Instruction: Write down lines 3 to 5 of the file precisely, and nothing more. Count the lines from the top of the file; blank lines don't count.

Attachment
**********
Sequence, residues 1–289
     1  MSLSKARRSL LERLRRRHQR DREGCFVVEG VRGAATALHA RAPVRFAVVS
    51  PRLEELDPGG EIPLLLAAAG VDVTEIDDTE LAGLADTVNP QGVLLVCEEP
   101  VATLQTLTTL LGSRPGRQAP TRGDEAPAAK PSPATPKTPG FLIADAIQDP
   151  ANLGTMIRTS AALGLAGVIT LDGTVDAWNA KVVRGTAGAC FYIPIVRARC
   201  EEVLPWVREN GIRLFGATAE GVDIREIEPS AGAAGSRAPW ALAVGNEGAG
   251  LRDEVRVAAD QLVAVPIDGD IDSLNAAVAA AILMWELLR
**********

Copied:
    51  PRLEELDPGG EIPLLLAAAG VDVTEIDDTE LAGLADTVNP QGVLLVCEEP
   101  VATLQTLTTL LGSRPGRQAP TRGDEAPAAK PSPATPKTPG FLIADAIQDP
   151  ANLGTMIRTS AALGLAGVIT LDGTVDAWNA KVVRGTAGAC FYIPIVRARC